Commonwealth of Massachusetts
A Proclamation
His Excellency Governor Deval L. Patrick

Whereas The Commonwealth of Massachusetts has the unique distinction of being the most Irish-American state in the United States of America, with approximately 24% of all residents claiming Irish ancestry; and

Whereas The Irish-American community of Massachusetts has a distinguished tradition of celebrating St. Patrick’s Day dating back to March 17, 1737, when the Charitable Irish Society of Boston, formed to assist fellow citizens in need, held the first Irish commemoration in the thirteen colonies; and

Whereas During the Irish Potato Famine of the 1840s and 1850s, thousands of Irish found refuge on our shores, quickly becoming part of the fabric of Massachusetts as police officers and firefighters, soldiers, tradesmen, mill workers, teachers and scholars, and public servants; and

Whereas Many Irish and Irish Americans, such as artist John Singleton Copley, musician Patrick S. Gilmore, astronaut Christa Corrigan McAuliffe, Senator Edward Kennedy and President John F. Kennedy, have made outstanding contributions to our Commonwealth and nation; and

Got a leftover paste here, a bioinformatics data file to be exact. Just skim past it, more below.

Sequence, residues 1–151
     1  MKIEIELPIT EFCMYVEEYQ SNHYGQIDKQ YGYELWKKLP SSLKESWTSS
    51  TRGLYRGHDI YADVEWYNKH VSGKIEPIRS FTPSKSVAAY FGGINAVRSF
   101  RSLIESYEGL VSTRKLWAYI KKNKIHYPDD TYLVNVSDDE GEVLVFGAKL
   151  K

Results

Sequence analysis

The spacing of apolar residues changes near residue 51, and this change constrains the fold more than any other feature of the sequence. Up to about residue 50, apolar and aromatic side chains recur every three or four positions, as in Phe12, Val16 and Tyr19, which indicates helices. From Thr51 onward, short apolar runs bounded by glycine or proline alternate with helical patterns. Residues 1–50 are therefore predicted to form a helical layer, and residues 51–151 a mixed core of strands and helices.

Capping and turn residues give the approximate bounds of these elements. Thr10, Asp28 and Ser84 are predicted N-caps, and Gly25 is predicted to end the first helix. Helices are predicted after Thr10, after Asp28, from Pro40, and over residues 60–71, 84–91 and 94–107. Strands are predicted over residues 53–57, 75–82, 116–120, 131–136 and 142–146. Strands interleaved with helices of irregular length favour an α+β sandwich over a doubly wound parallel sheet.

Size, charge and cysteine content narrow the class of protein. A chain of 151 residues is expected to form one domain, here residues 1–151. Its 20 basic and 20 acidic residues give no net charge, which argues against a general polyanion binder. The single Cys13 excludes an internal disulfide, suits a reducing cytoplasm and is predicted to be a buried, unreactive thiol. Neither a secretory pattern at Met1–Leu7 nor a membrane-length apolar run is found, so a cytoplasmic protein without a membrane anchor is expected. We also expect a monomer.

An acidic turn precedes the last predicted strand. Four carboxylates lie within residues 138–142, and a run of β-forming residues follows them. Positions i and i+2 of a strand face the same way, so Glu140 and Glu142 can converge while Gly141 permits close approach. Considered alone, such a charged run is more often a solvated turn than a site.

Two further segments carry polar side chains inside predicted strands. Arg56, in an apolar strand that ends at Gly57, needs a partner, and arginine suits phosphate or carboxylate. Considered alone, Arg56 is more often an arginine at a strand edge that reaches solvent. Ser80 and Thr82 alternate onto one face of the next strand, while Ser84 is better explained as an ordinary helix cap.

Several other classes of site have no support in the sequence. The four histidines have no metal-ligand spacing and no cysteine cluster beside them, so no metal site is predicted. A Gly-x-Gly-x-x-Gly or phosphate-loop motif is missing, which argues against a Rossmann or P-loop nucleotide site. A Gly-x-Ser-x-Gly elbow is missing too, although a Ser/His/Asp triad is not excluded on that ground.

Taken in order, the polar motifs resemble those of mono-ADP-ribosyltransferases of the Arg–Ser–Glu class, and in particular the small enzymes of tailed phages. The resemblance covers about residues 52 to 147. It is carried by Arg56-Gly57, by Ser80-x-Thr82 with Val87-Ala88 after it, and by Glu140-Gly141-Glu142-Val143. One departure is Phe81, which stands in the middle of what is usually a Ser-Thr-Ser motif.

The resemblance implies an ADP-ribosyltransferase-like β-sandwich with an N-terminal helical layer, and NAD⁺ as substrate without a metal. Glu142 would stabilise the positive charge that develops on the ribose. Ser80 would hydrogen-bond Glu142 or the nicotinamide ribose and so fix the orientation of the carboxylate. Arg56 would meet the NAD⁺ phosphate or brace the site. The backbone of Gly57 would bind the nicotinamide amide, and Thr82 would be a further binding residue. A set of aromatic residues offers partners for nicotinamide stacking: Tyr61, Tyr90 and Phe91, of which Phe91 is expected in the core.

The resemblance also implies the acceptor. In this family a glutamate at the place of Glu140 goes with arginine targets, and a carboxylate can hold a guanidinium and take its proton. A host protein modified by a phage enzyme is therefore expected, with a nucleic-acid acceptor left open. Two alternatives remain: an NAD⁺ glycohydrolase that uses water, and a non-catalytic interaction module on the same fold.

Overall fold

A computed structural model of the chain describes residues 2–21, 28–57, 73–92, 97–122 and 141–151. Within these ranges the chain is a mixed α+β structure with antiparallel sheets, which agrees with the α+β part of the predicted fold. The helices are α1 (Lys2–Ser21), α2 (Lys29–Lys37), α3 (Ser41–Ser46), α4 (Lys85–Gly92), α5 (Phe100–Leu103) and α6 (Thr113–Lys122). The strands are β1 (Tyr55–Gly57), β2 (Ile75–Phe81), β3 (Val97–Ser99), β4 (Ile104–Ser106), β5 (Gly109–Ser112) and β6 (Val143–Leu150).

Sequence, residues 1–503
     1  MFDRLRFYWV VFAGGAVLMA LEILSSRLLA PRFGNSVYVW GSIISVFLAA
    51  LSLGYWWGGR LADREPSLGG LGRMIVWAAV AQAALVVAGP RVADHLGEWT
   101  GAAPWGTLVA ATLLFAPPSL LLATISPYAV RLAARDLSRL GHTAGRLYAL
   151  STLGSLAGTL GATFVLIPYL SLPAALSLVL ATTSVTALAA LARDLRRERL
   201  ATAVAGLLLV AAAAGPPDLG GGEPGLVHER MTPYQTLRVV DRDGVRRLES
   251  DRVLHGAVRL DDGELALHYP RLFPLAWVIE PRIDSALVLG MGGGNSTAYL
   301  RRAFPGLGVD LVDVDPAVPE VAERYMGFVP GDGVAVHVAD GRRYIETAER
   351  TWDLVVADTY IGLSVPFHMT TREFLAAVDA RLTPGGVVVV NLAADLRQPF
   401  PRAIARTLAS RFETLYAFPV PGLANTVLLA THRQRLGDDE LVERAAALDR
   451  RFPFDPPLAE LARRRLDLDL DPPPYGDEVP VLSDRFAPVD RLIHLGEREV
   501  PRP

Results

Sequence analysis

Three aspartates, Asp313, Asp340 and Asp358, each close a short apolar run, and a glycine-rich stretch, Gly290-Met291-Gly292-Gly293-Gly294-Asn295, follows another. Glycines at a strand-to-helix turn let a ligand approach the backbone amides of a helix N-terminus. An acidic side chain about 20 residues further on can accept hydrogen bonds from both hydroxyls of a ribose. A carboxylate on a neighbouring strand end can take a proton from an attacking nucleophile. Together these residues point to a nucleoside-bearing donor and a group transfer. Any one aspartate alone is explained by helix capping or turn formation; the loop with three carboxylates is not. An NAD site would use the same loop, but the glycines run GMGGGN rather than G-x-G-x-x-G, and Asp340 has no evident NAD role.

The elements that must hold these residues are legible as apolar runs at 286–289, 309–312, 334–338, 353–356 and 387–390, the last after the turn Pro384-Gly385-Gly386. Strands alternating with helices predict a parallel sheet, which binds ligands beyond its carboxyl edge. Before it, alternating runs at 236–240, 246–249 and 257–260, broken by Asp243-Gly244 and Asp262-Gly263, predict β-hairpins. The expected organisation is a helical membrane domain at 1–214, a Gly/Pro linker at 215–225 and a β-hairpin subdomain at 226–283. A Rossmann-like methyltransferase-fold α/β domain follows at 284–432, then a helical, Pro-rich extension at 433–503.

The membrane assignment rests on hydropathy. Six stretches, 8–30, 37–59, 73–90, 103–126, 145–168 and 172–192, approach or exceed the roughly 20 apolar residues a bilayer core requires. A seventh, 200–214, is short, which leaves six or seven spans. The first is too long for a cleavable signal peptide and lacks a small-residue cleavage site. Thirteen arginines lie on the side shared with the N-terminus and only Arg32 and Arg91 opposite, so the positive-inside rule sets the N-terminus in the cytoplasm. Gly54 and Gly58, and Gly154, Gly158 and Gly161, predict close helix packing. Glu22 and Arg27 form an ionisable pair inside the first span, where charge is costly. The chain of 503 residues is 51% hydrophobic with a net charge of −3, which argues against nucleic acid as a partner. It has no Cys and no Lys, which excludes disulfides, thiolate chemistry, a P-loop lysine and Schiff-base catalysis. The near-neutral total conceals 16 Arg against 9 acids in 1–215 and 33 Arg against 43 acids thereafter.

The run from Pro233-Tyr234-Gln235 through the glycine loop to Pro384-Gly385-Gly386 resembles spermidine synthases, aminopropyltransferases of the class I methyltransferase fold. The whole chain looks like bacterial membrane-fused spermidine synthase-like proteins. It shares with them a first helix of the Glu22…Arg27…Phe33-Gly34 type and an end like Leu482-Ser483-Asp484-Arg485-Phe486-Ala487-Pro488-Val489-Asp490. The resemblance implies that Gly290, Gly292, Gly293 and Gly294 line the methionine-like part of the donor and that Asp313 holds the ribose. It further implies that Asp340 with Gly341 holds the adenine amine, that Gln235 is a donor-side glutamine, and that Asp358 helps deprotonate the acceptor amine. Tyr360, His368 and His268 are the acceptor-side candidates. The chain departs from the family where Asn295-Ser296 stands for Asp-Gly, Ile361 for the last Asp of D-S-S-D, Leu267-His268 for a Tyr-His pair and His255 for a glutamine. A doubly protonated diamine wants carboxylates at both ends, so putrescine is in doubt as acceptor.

Whereas Throughout the month, Irish groups across the Commonwealth are organizing parades, concerts, dances, literary readings and other special events designed to celebrate Irish heritage, history and culture; and

Now, Therefore, I, Deval L. Patrick, Governor of the Commonwealth of Massachusetts, do hereby proclaim March, 2014, to be,


And urge all the citizens of the Commonwealth to take cognizance of this event and participate fittingly in its observance.

Given at the Executive Chamber in Boston, this twenty-first day of February, in the year two thousand and fourteen, and of the Independence of the United States of America, the two hundred and thirty-seventh.

By His Excellency

Deval L. Patrick
Governor of the Commonwealth

William Francis Galvin
Secretary of the Commonwealth

God Save the Commonwealth of Massachusetts